The last time I got some things done on my bike, the guy commented on how everything on my bike was decent, but he would recommend changing the wheels.
It’s a Giant TCR 2. I have added aero bars and an Adamo split seat. The tires are Continental. Everything else is stock. The guy at the shop was very critical of these stock Giant wheels.
Would it be worth it to upgrade the wheels? We’re talking easily 20,000 NT per wheel, right? Would there be a big difference? And should I get deep rim wheels, considering I do about 90% of my riding on flats and so getting a bit aero is important to me?
You can spend 20k on one wheel and also 20k on a wheel set (which is the front and back wheels).
Those stock Giant PR2 wheels are pretty much the Coors/Bud Light of wheels. They are good wheels for anyone getting into cycling, but after 2+ years, you can consider yourself a more experienced cyclist now.
In other words, it’s time for an upgrade.
There’s a lot of debate and science behind deep section wheels, but when it comes down to it, deep section wheels will be lighter and more aero, which will allow you to put in less effort and get more output than your Giant stock wheels.
Here’s an article for you to scim through.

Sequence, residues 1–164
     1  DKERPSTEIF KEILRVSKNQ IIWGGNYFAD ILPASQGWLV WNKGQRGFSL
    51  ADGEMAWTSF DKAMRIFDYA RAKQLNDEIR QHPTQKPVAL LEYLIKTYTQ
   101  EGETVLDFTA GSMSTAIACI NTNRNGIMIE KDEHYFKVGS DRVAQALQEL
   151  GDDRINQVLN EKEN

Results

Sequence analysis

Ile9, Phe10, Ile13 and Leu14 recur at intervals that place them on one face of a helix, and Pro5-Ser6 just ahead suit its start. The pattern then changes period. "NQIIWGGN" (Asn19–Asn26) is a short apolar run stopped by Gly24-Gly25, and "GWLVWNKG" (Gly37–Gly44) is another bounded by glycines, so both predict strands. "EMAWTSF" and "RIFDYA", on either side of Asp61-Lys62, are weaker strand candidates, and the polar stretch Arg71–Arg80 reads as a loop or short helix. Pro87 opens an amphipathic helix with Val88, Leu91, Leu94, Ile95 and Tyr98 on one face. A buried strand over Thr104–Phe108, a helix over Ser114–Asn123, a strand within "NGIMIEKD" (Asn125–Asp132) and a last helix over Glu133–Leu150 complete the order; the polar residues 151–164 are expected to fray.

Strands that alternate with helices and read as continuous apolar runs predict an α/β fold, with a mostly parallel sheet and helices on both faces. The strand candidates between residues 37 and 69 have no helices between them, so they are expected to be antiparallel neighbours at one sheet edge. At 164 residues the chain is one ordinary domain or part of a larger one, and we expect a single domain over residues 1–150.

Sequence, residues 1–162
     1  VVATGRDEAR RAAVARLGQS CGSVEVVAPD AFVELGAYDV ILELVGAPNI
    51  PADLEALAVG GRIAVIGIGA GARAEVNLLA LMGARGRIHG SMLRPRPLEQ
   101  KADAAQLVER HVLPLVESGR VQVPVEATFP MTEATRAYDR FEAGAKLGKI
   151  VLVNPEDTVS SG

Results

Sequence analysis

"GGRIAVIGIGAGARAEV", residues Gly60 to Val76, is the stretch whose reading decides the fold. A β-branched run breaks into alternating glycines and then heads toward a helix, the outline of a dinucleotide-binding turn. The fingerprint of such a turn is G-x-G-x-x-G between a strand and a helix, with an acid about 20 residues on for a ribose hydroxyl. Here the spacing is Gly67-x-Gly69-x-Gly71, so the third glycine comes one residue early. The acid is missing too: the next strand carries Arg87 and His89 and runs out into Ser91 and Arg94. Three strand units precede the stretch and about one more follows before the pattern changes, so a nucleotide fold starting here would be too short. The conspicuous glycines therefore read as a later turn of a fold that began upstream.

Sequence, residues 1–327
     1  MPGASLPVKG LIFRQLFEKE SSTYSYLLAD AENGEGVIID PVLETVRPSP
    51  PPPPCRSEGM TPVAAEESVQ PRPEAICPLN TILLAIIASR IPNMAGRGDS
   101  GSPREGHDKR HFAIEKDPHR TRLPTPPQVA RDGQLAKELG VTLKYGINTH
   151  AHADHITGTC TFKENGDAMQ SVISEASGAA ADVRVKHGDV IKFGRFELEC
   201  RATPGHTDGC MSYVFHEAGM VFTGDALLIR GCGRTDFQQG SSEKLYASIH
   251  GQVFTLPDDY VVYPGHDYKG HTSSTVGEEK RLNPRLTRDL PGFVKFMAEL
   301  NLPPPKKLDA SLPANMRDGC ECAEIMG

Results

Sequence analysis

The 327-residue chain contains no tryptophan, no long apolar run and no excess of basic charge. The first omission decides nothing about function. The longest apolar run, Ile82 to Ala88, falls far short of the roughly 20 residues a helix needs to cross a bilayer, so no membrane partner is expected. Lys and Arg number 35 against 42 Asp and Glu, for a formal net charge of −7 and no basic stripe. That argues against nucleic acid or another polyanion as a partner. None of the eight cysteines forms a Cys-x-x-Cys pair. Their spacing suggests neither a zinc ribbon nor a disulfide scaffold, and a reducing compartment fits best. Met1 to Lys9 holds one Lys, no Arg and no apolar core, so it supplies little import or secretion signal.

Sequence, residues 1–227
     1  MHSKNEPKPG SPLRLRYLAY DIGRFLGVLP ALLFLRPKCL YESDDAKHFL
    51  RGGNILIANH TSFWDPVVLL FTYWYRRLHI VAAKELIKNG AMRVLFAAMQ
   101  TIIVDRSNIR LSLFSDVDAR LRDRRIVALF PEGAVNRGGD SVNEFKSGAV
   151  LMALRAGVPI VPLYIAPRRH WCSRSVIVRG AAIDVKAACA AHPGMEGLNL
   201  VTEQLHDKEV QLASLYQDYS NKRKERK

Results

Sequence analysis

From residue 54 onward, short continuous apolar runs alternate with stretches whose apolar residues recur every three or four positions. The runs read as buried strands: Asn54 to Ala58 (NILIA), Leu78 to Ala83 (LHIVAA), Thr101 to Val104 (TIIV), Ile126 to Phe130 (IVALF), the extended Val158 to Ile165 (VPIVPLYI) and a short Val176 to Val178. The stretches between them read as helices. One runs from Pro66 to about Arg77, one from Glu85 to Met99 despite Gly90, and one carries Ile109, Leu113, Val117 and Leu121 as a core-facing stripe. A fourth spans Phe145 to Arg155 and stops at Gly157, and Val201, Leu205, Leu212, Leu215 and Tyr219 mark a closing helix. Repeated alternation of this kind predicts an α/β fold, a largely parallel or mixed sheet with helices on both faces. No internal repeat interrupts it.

20-24,000NT can get you a pair of descent mid section wheels. If you consider second hand, around 16,000NT can get you something 1-1.5 years old. These prices are not name brand prices, but will be much better than your stock wheels. Send me a PM of your budget and I’ll keep an eye out for you if you’re serious about the upgrade.
Thanks ranlee! I’ll think about it. I think I am serious, but the timing would be in the summer after my bonus, after taxes have been paid, etc. I’ll ask for help when I’m ready. That’s a good article.
No, there won’t be, unless they are fucked up or it’s time to do some maintenance.
What science says is that only PRO’s can really benefit of getting some much much more expensive. Apparently aero wheels “kick in” at 40 kmh or so, and honestly, I don’t think you will feel much difference. What you will feel is the effect of wind!
I’m not sure if @ranlee really meant it, but he said that the deeper the section the lighter. That’s not true. While may be for structural reasons you can may be make the walls lighter if they’re deeper, the more material (the deeper) the heavier. Aero rims are not famous for being light, although of course the most expensive ones are pretty light.
There’s a whole debate going on about this, really. A guy who smashed dunno what climb’s previous time on heavy rims (aero VS “climbing”?) argued that they have more inertia, so once moving they keep moving better.
Again, if you do flats, if you are not a pro… buy them only if you want a different looking. Or at least be warned that you won’t have better performance, even if the money makes you believe it
I’ve ridden ~400km on them only. Unsure of local pricing, happy to field random offers.
@marasan these are NOT deep/mid-section wheels and if you want something more aero, these are NOT what you’re looking for. Just thought I’d throw it in there for you or anyone else whilst I’m building the bike up again.